Elderberries require a site that enjoys full to partial sun. While they are not too particular about the soil type, the optimal soil for elderberries is moist and acidic with high organic matter. Under colder climates, some European varieties may Fall back to the ground but would soon sprout back from their roots during Spring.
Planting the Shrub
Before you plant these amazing shrubs in your landscape, make sure to fertilize the soil with compost. Elderberries grow well in moist soils – for heavy clay soils, build a raised bed to allow better water drainage. Make sure to maintain a distance of at least 6 to 10 feet between different varieties.
Elderberries are easy-to-grow shrubs and would not require much effort for them to thrive. For optimal growth, fertilize these plants annually with compost. Their shallow roots are best served with hay, bark chips, and straw. These organic additions prevent weed growth and preserve the water and nutrients within the soil.
Elderberries send up new vigorous branches pretty quick. The same tender branches then produce side laterals and bear abundant fruit in the coming years. In late Winter, it’s a good idea to prune branches older than three years as they won't be productive. Try to leave back a proportionate number of branches that are one, two and three years old. Prune away dead, diseased, infected, or broken branches too.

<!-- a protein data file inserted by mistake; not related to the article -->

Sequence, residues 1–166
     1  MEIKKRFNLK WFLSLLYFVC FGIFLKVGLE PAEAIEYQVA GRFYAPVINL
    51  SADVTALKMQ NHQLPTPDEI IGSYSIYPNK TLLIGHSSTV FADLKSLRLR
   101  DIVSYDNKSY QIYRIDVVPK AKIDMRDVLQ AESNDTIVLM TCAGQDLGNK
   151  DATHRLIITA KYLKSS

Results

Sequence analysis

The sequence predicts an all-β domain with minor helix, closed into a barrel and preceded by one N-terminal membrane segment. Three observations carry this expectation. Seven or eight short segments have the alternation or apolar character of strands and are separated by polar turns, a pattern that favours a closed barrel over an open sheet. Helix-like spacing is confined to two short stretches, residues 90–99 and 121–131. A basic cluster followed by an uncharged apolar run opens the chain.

Pests and diseases
A common disease among elderberries is ‘cane borers’ that attacks the older branches. Pruning older and weaker branches can, however, help keep the shrub healthy. During rainy or wet weather, leaf diseases can sometimes erode the foliage too.
These berries are also a favorite food of birds – so it’s a good idea to employ netting and other techniques to help prevent the berries on your shrub from being eaten away.
Depending upon the variety, Elderberries are ready for harvest from August to September. Allow the fruit to ripen until they achieve a dark purple color. Pick off an entire cluster and strip off the berries. Refrigerating them or freezing can, however, help you preserve the berries for a longer period of time. Each elderberry shrub (up to 4 years old) is expected to produce 12 to 15 quartz fruits each year. Uncooked or under-ripened berries have a dark purple juice that is inedible and astringent. However, the same juice imparts a sweet, earthy flavor upon processing.